You can find chef Mally Racks’ garlic crabs at T-Mobile’s North Charleston office building. But not every day. And not at the same time, either, says owner Ben Flowers (aka Mally Racks) — there’s no set schedule for when the fire-engine-red truck will roll up with Flowers’ addictive seasoned crustaceans. That’s because Flowers doesn’t need to set a time. He posts his food truck schedule on Facebook and Instagram and within the hour, customers are lined up. Within a few hours, he’s sold out.
Flowers has built up his fan base since April 2017. He started hawking his crabs out of his car before upgrading to the truck. He says he’s grateful that a huge corporation like T-Mobile has let him park in their lot, “It started as a one time thing then led to a permanent thing.” Flowers credits the “power of the brand” he built from scratch for his staying power. Now, after almost three years, Flowers is ready to park his truck on his own property.
The Square on Meeting is set to be the area’s newest food truck park/village/rodeo. Located in the “heart of North Charleston” in an empty lot at the corner of Meeting and Dorchester, the square will be run by Flowers.
“It’s going to be a hub for the culinary scene,” says Flowers. “I wanted to create a platform for other food trucks and vendors — I remember how hard it was in the beginning for me to find locations daily.”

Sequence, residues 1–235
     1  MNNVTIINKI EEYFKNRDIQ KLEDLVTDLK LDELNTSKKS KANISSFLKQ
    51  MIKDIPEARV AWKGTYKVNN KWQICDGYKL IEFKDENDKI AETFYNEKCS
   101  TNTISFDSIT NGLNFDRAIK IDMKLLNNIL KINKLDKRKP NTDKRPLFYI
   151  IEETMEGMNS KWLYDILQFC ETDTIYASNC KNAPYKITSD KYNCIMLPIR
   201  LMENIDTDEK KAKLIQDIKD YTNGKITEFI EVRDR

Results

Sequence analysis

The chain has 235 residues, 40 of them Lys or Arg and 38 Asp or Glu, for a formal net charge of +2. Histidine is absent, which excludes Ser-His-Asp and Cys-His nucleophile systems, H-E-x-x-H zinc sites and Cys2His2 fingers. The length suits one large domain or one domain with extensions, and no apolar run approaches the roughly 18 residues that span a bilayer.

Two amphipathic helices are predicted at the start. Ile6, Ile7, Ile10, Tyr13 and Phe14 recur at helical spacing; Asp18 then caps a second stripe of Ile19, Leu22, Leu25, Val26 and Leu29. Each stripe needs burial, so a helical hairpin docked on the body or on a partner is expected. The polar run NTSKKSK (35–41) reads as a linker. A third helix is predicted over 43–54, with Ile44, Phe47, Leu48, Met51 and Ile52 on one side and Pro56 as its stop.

Flowers plans to emulate concepts like Meeting Street Eats with bistro lights and a concrete platform for dining. He also wants to have a stage for live music, a sound system, and a two-story shipping container with a rooftop, a space where food truck patrons can actually hang out. “It will be a cool amenity for North Charleston,” he says. “It’s a block away from Restaurant Depot, it’s a route all the food trucks already use and are familiar with — if you run out of supplies there’s a major wholesale supplier right there.”
With plenty of car traffic nearby, the busy location seems prime for a flock of food trucks, and it’s only a few minutes from downtown and a couple blocks from I-26. Flowers hopes that once he has a number of trucks on board, the customer base will build organically, “people will want to see what’s going on.” Flowers thinks it will be appealing for tourists, too.
He says he’s going to offer the taste of Charleston in one spot — seafood and soul food and breakfast.
“I want to get a lot of the major people who you think of around Charleston — Bertha’s and Martha Lou and maybe do a ‘soul food Sunday,'” he says.
You will be able to snag your garlic crabs and jumbo shrimp from the vacant lot at 3517 Meeting Street Road starting next month. Flowers says he’ll set up shop first, laying the groundwork for other trucks to follow. Racks’ garlic crabs will also be available at this month’s Food Truck Rodeo — Flowers hopes he can use the event to spread the word about his new project.
“I know a lot of trucks would love a permanent space,” he says. “Especially people who have built a following, they can build off of that. We’ll have a centralized location with an actual address with set hours of operation that we will commit to.” No more stalking Flowers’ Instagram, garlic crab devotees.
“I went from asking permission to be on someone else’s property, and now I’m transitioning into my own lot,” says Flowers. “Now they have to ask me.”
Trucks interested in joining the square can email firstname.lastname@example.org.